MR. ALMONTE and a group of former RAM officers are right now dueling over who did play a greater and more heroic role during EDSA UNO, the civilian-backed military revolt that toppled Mr. Marcos. The debate is now public and there would be no nice ending to it. Here is the thing though: The two squabbling parties are not probably aware that there is no public interest in their debate. That the debate had spilled over into the papers offered no guarantee that it would get public attention.
Who did what and who planned what during EDSA UNO (and the tension- filled months before it) is probably one of those issues that the public has gotten tired of. The enough-of-this-EDSA UNO stuff is for real. The recent commemoration of that event was, to use a graphic Tagalog term, nilangaw. The enthusiasm is gone.
I for one look back at EDSA UNO with one question and a mundane one: Are there still negatives of the photos that the late photojournalism great Willie Vicoy snapped of Mrs. Aquino at the Mactan airport tarmac before she boarded the Ayala-owned plane for Manila after the outbreak of the revolt at a military camp?
Manila-bound Mrs. Aquino wanted a photo session with the journalists (foreign and Filipinos) who had covered her fight to topple Marcos — and were with her at the Cebu rally calling for a boycott of the crony firms. Instead of giving a press briefing on what she planned to do to help hasten the exit of Marcos, her words at the airport tarmac were something like these: “Willie (Vicoy) kunin mo kami. Baka ito na ang huli nating pagsasama.” Having covered Mrs. Aquino for what seemed like eternity, I was at the front row of the pack. Willie, a kind and gentle human being who nearly won a Pulitzer for his coverage of the Vietnam War, promised to give each and every member of the journalism pack prints and negatives of those photos. His prodigious career ended in an ambush. And we failed to get the “farewell photos” with Mrs. Aquino.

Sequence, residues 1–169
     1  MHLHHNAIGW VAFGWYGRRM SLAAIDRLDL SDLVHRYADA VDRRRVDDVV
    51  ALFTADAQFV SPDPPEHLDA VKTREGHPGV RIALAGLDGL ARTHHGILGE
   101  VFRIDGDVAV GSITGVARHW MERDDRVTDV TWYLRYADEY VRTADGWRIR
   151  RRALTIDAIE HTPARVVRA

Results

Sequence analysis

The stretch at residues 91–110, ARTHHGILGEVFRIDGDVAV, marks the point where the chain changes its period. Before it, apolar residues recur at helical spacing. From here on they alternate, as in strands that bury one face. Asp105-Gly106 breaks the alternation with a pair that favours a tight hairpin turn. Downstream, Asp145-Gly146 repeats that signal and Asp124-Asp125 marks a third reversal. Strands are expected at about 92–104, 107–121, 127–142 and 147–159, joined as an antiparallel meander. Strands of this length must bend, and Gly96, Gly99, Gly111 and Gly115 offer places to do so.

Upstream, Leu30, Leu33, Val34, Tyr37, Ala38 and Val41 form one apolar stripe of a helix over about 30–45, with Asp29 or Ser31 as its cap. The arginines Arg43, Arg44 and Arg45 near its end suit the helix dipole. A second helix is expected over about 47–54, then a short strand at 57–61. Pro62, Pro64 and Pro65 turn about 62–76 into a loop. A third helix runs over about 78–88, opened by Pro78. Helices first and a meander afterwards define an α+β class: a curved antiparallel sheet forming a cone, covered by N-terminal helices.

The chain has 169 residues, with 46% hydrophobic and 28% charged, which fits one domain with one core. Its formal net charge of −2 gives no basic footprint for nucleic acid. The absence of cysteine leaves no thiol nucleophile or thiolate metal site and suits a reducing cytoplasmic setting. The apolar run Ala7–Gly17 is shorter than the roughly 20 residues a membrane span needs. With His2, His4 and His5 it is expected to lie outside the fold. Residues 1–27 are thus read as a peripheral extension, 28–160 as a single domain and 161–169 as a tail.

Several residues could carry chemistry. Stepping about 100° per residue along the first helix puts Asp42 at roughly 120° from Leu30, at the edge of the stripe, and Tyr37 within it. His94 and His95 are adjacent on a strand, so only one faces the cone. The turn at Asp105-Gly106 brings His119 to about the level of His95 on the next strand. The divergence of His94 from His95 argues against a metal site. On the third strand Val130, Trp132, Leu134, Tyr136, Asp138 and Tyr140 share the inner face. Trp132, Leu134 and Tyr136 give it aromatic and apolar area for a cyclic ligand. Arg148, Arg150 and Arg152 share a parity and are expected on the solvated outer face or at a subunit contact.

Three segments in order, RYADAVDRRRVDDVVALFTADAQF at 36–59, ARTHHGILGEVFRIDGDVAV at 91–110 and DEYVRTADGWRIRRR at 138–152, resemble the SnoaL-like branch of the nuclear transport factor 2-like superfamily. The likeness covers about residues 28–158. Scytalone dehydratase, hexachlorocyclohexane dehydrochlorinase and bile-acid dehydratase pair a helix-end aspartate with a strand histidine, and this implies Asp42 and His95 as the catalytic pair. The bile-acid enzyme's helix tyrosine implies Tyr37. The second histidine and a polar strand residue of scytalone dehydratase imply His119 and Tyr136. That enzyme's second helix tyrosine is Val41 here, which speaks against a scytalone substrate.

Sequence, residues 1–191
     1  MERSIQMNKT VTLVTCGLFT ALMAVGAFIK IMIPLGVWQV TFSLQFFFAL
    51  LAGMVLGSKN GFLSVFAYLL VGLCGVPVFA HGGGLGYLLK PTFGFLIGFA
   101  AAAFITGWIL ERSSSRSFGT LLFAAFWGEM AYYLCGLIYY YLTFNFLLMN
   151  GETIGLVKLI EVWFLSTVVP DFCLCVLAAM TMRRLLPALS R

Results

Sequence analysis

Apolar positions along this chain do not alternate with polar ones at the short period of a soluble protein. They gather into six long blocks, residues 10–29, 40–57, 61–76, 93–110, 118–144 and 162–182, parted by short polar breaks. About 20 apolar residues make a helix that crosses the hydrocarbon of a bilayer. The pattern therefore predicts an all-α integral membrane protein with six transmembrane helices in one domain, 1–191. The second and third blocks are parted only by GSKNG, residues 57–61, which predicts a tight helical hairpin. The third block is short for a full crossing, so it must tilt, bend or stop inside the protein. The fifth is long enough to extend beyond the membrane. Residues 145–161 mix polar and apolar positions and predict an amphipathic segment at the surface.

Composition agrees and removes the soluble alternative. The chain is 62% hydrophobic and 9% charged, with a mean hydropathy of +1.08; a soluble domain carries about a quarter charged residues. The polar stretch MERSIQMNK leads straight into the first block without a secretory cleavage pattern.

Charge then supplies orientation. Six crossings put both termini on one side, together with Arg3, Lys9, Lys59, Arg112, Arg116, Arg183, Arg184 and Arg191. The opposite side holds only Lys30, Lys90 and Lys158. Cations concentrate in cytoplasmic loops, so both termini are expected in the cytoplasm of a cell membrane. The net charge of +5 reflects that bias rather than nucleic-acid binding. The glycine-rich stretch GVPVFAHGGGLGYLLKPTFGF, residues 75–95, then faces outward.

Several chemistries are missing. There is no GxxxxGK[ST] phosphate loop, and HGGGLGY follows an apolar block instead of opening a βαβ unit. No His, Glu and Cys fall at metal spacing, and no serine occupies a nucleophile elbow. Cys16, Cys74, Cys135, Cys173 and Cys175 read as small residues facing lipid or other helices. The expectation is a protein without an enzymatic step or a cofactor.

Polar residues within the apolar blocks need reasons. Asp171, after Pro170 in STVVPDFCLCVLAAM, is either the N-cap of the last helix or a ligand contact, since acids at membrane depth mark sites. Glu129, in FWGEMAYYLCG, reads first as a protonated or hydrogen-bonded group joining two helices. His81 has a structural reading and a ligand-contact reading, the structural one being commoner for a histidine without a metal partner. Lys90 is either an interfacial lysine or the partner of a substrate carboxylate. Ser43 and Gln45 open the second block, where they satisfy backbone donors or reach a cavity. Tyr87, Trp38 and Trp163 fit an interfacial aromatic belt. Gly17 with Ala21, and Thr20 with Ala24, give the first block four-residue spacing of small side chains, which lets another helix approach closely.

Indeed, even those of us who can relate to EDSA UNO in a profound way, currently hold no dear or cherished memory of that revolt. The millennials, roughly 99 percent of them, do not probably know who Mr. Almonte is. Or what RAM stands for. EDSA, to the current generation, is the gridlocked main road of Metro Manila, not the site of an upheaval that influenced game-changing events across the globe, including the demolition of the Berlin Wall.
Why is EDSA UNO mostly a blur to the current generation? And a topic avoided by those who had lived through the brief post-Marcos euphoria? Many answers have been given.. But the most plausible is this. The democratic restoration that is the universally-appreciated legacy of EDSA UNO also restored the old political and business oligarchy. While EDSA Uno may have helped in the unfolding of iconic global events such as the Velvet Revolution and the collapse of the Berlin Wall, it did little in changing our country and just preserved the political and economic status quo.
Just look at the backgrounds of the presidents who came after Marcos, the toppled despot, and Mrs. Aquino, the icon of democracy.
Fidel V. Ramos, the constabulary chief who broke away from his cousin (Mr. Marcos) to help Mr. Enrile, then defense minister, stage the bloodless coup against Mr. Marcos.
Joseph Estrada, a long-time, martial law-era mayor of San Juan in Metro Manila, who was one of the anchors of the political opposition to Mrs. Aquino in the first post-EDSA legislative elections.
Gloria Macapagal Arroyo, the daughter of a former president.
Benigno S. Aquino 111, the son of Mrs. Aquino and Benigno Aquino Jr., the opposition figure whose assassination led to the EDSA revolt.
It took a longer time for the Indonesians to topple Suharto. But the cleansing of the old order truly came to Indonesia recently as it elected a popular leader, President Jokowi, with no connection to either the Suharto or Sukarno regimes.
Angela Merkel, a bland scientist and a minister’s daughter whose adult life was mostly spent on research and inside laboratories, is now the undisputed leader of a united Germany – after demolishing the entrenched political royalty of her country.
We are blissfully stuck to the past as the other countries that took inspiration from our original people power revolt have moved on.
The 2016 presidential election may offer no relief and, no break from the past as the gallery of possible candidates are of the standard progeny – political lifers and legacy politicians. Some groups are trying to cast Davao City Mayor Rudy Duterte as an outsider who would bring a fresh governing culture should he win the presidency. Google “Duterte” however and you will know that it is a political family as ancient as Mindanao.
Only the election to the presidency of an insurgent unattached to the old political and economic oligarchy would snap out the general indifference of most Filipinos to politics and civic culture of their country.
A fresh face with bold governing ideas. And a radical departure from the standard-issue politicians which common denominator is this: get elected to the highest office of the land just to frustrate and let us down.